The long awaited release of COVID-19 vaccines nationwide happened in December, just in time to be considered a holiday gift. But as was the case with so many holiday gifts in 2020, delivery details for some recipients are sketchy and receipt may be delayed.
Per the state’s vaccine rollout plan, the first Missourians to receive either the Pfizer or Moderna vaccine will be long-term care facility residents and staff along with healthcare personnel and staff who may have direct or indirect exposure to COVID-19 (SARS-CoV-2) and are unable to work from home. Entities in that category began receiving and administering the vaccine to their staff and residents in mid-December. Examples of those entities include area hospital networks that are vaccinating members of their staffs and local pharmacies participating in the federal Pharmacy Partnership for Long-term Care Program that are vaccinating residents and staff in long-term care facilities.
According to Missouri Gov. Mike Parson, as of Jan. 7, Missouri has administered more than 113,000 doses of vaccine. This number does not include the Pharmacy Partnership for Long-term Care Program.
On Dec. 22, the St. Charles County Department of Public Health announced that it had received 400 doses of the Moderna vaccine. According to St. Charles County Department of Public Health Public Information Officer Doug Bolnick, all of the initial doses received have either been administered or have been scheduled for administration. Among those receiving their first dose are nurses in area schools and paramedics with the county ambulance district.
As of Jan. 7, the health department had administered vaccine or scheduled appointments for 85 school nurses working in St. Charles County schools.
Kyle Gaines, director of community relations at St. Charles County Ambulance District, said 83 doses also were administered to SCCAD employees, all front line paramedics. An 84th SCCAD employee received his vaccination through his employment at a local hospital, where he works per diem as a registered emergency room nurse. The distribution, Gaines said, did not meet the total number of doses needed for Phase 1A eligible SCCAD employees.
“Our total staff is about 275 between full- and part-time, and while not everyone is opting to take the vaccine, the majority are. I think everyone, not just our team, is anxious to get vaccinated so we can get back to a more normal way of life,” Gaines said.
Bolnick said individuals who either live or work in St. Charles County may receive the COVID-19 vaccine from the health department when the vaccine becomes available and their phased category becomes eligible for vaccination.
He said, “We have asked the state, but have not received information on when or how much vaccine we will be receiving. We do expect the second dose for administration to those individuals who received the first dose to arrive in the recommended time frame.”
The Moderna vaccine is administered in two doses, issued four weeks apart.
Getting the vaccine to everyone – all Missourians who choose to be vaccinated – could take the entire first half of 2021.
The rollout will occur in three phases, with Phase 1 taking place in two parts. Phase 1A is taking place now. Phase 1B includes high risk populations, first responders and essential workers. State officials are predicting that Phase 1B will begin next month. Phase 2 is targeted to populations, who are at increased risk (prisoners, homeless, etc.). Phase 3 is all remaining Missouri residents.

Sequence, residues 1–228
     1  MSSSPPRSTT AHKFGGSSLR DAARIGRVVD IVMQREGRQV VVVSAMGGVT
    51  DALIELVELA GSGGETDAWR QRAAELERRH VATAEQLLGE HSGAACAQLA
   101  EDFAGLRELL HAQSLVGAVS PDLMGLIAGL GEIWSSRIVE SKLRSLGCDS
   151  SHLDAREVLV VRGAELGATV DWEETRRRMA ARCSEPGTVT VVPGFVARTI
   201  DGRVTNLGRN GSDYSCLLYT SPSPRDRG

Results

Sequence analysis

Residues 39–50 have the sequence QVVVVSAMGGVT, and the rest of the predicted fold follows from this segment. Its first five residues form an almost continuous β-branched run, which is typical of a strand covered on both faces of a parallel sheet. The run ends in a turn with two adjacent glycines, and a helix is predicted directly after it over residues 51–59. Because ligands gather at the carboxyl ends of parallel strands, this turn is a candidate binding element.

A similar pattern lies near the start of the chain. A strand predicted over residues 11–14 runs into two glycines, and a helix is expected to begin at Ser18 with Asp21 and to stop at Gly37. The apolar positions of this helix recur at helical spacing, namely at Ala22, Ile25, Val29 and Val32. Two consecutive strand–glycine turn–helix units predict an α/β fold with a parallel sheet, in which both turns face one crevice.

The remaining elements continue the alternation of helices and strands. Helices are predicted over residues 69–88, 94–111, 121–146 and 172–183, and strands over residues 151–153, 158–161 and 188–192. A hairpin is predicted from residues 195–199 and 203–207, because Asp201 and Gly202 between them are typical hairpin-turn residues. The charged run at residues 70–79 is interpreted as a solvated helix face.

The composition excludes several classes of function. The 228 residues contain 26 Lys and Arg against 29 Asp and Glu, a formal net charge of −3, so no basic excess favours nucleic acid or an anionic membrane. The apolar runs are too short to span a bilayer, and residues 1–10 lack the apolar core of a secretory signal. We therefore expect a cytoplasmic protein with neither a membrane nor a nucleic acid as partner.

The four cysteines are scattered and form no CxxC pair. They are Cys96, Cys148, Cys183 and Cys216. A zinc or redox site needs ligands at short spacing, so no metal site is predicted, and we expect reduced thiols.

“We are working diligently to distribute vaccine as it becomes available to us and will continue to do so until they are given to all who want them,” Demetrius Cianci-Chapman, director of the St. Charles County Department of Public Health, explained. “Staff in the department are accustomed to distributing vaccines, whether it be for influenza or other communicable diseases, so this process is not new to us. We are in contact with the state on a daily basis to get answers to the questions we need and that our community wants. We will continue to disseminate that information as it becomes available.”
Some of that information includes data about the vaccine’s efficacy, safety and cost. According to public health officials, including the Centers for Disease Control and Prevention, the vaccine cannot give a recipient COVID-19 because it does not contain the live virus. Clinical trials have shown it to be 95% effective. On its website, the Missouri Department of Health and Senior Services, states that the COVID-19 vaccination is to be available free to all Missourians, including those without insurance.
“No person can be billed for the COVID-19 vaccine,” the website states. “Vaccination providers may charge an administration fee to insurance, Medicaid or Medicare, if applicable in your situation. Uninsured Missourians will be able to receive the vaccination regardless of their health insurance status.”
What is not known yet is how long that protection will last. Ongoing clinical trials are seeking to answer that question.
And, as for getting back to a “normal way of life,” Department of Public Health Director Demetrius Cianci Chapman cautioned, “While the Moderna vaccine has shown 95% effectiveness in preventing COVID-19 during its clinical trial, we need to remember that this is just one part of a combination of tools available to stop the pandemic. Even after being vaccinated, we all must continue to wear masks, social distance, limit contacts and stay home when sick.”
Covidvaccine.mo.gov has additional information about the vaccination.